Mrs. Anderson knocked on the door. The sullen look on her face was a mask I was used to seeing that day. Over my mother’s conversation with her, the TV was blaring the same story it had been all day. “The Edmund Fitzgerald has not been communicated to since 8:30 last night.” The caption in the corner of the news anchor’s window had read 11/11/1975.
“We must keep hope, Bonnie,” whispered Mrs. Anderson, our nextdoor neighbor. My mother had been trying to silence her for my grandma’s sake. Grandma was quite old, and the talk over her son’s ship going down would sure not help her mental state. I, personally, didn’t understand the big fuss. I was sure Uncle Buck was fine. I was confident he was going to waltz in the door any minute with that same pulsing grin he always wore. Nobody has ever died in my life, I had thought to myself. That doesn’t really happen. My thoughts were still clouded by my seven year old innocence, but that cloud would soon blow away.
Buck never did come through that door again. He never ate with my mother or grandmother again. He never did, really, anything ever again. We never received complete confirmation of his death, but the odds were not in his favor. He was, in all likelihood, dead.
The weight of Buck’s death was pulling my family down- Grandma especially. The actuality of his death was simply too much for her to process. I couldn’t understand it either. The thought of someone really gone astounded me. Where did they go? To Heaven? Where’s that?
The funeral did no service in clearing up my questioning. The lack of Buck’s body made it seem as if we were just sitting in church again, mourning over an empty box. The real difference was the constant sobbing of relatives and family friends. The grief seemed to have absorbed the atmosphere and weaved out any happiness that could have been there. Grandma’s sobbing was by far the strongest. She was in utter distress. I don’t think she ever imagined one of her children dying before she did. I guess Death must follow a strict agenda, taking you when it is pleasing for him. He must have had a gap in his schedule large enough to fill that ship and all its crew.
As the priest lectured about God’s will for Buck, I sat there staring at the stain glass lining the windows. The colors on the glass mixed and swapped, the light and dark, the good and bad, the living and the dead. I was now curious about death wondering when I would get a first-class ticket to visit him. The sinking of the Fitzgerald had now opened my mind to new thoughts of death. These thoughts were darker and stranger than I was used to, however, I would soon have to adjust- for they were reality.
My thoughts preoccupied my little brain so much, that by the time the funeral had ended, I had liquefied part of the pew in drool.
A few weeks later, I became a year older for the eighth time in my life. I received the usual presents and cake, nevertheless, something about this birthday suggested difference. Not only had my legs and feet grown larger, but my sense of reality had too. Of course I did not realize it then, but looking back now, I started to feel the tug of time, the rains of sorrow, the joys of laughter, the feelings of wholeness and the feelings of emptiness. My mental state was blooming, like a flower bud popping open for the first time. I was comprehending more, and I was gaining a grasp of the real world. I started rejecting my old reality- my childhood. I was maturing. But, in due time, that reality would punch me again.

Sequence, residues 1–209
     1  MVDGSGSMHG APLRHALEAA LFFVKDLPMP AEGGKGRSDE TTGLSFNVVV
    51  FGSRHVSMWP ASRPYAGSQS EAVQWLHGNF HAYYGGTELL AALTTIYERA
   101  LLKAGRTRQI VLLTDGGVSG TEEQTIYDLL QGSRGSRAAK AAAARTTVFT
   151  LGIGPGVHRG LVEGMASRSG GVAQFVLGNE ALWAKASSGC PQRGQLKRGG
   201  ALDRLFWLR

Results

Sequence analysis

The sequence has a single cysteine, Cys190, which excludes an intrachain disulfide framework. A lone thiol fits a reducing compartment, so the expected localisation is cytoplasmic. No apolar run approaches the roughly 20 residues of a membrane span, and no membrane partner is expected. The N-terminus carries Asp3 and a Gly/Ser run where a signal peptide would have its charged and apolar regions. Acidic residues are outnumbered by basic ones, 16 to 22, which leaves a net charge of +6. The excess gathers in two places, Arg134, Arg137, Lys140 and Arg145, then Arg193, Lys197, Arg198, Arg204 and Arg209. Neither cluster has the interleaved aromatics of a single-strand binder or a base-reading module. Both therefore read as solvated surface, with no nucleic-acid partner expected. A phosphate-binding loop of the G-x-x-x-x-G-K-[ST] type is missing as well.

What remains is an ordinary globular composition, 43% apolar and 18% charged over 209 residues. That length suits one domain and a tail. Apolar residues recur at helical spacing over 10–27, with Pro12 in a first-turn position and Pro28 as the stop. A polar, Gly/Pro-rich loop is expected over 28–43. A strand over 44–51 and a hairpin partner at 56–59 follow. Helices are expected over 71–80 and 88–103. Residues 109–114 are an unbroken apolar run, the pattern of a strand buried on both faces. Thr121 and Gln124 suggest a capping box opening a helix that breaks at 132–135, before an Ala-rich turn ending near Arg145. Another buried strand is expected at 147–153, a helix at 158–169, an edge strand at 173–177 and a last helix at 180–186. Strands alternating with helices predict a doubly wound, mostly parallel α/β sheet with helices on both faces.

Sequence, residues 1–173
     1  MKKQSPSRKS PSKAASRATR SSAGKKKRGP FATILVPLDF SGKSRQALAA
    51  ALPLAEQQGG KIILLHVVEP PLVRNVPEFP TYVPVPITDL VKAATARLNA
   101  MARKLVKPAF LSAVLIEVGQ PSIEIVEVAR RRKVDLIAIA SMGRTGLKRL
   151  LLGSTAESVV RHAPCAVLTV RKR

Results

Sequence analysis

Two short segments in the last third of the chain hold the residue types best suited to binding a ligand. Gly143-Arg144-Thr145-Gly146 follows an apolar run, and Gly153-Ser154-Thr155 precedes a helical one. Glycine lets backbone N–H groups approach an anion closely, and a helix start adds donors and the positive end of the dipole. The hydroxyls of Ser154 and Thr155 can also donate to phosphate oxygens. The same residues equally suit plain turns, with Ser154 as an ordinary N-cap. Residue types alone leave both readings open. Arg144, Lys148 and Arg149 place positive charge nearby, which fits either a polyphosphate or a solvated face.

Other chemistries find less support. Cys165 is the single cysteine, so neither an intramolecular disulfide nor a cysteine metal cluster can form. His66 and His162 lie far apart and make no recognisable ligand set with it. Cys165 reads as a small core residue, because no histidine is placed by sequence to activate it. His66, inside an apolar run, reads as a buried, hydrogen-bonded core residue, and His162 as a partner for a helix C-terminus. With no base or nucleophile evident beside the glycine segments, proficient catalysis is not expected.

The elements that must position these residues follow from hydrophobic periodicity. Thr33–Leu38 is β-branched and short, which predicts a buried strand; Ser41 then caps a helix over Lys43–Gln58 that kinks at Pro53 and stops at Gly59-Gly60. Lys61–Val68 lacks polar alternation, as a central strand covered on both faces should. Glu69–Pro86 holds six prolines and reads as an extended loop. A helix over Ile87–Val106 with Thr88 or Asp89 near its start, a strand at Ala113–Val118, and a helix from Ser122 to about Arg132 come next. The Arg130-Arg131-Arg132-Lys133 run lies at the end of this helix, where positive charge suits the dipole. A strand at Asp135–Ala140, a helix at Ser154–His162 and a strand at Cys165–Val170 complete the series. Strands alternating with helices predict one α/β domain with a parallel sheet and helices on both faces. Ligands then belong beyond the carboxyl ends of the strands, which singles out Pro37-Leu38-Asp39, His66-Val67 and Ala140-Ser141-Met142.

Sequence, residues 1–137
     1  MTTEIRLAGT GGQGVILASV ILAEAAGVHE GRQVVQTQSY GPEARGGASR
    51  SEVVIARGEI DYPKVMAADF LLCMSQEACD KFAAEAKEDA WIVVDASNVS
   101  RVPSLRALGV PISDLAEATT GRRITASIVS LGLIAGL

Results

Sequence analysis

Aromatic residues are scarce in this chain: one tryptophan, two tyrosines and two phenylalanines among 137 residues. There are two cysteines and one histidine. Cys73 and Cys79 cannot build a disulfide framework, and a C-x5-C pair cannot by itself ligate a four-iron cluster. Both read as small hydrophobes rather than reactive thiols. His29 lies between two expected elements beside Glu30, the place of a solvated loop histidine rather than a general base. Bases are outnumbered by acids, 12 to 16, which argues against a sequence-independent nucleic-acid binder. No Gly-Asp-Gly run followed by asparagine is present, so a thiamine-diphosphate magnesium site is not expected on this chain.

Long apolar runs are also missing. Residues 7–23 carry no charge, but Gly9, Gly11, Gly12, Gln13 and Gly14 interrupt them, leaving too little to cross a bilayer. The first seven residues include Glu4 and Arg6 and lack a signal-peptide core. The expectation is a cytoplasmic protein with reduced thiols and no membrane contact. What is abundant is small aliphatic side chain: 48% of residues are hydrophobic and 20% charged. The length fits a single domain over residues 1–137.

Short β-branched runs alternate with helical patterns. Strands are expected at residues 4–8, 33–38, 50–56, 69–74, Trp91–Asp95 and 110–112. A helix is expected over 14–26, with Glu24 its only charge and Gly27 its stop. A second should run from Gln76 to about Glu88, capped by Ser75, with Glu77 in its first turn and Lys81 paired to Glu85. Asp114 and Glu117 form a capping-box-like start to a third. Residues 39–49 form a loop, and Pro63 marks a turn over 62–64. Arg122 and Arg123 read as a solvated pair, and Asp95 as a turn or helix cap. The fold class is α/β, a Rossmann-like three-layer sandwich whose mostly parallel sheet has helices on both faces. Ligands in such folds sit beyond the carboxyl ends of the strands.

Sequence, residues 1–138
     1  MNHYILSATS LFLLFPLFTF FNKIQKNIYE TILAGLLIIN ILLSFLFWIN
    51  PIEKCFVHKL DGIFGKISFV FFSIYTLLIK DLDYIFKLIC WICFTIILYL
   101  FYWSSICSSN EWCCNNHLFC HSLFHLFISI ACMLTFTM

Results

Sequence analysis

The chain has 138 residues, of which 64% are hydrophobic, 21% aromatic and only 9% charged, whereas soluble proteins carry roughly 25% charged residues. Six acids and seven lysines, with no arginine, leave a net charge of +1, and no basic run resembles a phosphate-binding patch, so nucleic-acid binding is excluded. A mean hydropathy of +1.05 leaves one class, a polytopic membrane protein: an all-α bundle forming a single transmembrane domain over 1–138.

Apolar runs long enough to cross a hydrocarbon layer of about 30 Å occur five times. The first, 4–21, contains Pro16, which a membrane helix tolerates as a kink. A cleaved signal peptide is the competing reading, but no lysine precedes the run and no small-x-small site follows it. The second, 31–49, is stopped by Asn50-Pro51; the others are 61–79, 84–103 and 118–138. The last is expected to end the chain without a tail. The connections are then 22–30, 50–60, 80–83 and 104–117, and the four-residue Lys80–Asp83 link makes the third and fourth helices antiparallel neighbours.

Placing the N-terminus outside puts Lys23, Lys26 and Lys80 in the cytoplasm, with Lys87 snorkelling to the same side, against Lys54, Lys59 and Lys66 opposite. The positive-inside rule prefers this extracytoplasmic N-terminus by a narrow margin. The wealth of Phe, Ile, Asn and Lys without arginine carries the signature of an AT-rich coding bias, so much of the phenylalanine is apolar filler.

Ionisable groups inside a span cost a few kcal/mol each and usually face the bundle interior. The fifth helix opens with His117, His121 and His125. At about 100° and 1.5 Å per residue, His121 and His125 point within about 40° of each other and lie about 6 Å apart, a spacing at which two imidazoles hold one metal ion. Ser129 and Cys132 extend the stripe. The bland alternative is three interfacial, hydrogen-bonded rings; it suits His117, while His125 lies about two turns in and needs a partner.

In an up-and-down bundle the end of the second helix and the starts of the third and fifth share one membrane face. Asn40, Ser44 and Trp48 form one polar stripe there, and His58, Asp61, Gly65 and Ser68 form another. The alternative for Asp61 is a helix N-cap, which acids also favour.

Grandma was dying. Our car rushed past the hanging lights and snowman structures. “Everything’s gonna be alright, Grandma. It’s ok. Just keep breathing,” I exclaimed in a terrified tone. I was comforting her, the lady who loved me dearest of all. It took everything I had not to look away and shame her for the horrid sight she was providing to me. It was a scary and all-consuming feeling. Fear. Fear that death would propose the same fate he did to Buck, to Grandma. Unlike one month ago, I understood the situation. Grandma was having a heart attack. Grandma was dying.
We carted her into the local hospital. It was dressed in garland and snow, appearing much too festive for the situation at hand. My mother was praying for any ounce of luck that God could bestow upon her mother. We remained there, waiting for any news the doctors could supply us. My little sister, Jill, was frightened beyond belief. The image of Grandma straining to produce even a single breath was solidified in her seven year old head. It was a bit too much for her. My little brother clearly was a bit confused. Being young, he was much more interested by the glowing lights than anything else at that moment. I, on the complete other side of the spectrum, was crying. Crying my eyes out for my grandma just as she had done for Buck. I knew what the doctor would say before he even said it. She was dead. Dead from a broken heart.
I stared at the fountain sitting in the lobby. The water appeared tempting and serene. The way it curved and twisted, similar to the way the stain glass colors did. A month ago, the water would have looked blue to me. Just blue. No contrast from the dark and light, no depth or meaning to it, just blue. But we grow. Grow to see the darks and lights, the depth and it’s meaning. Not just the blue.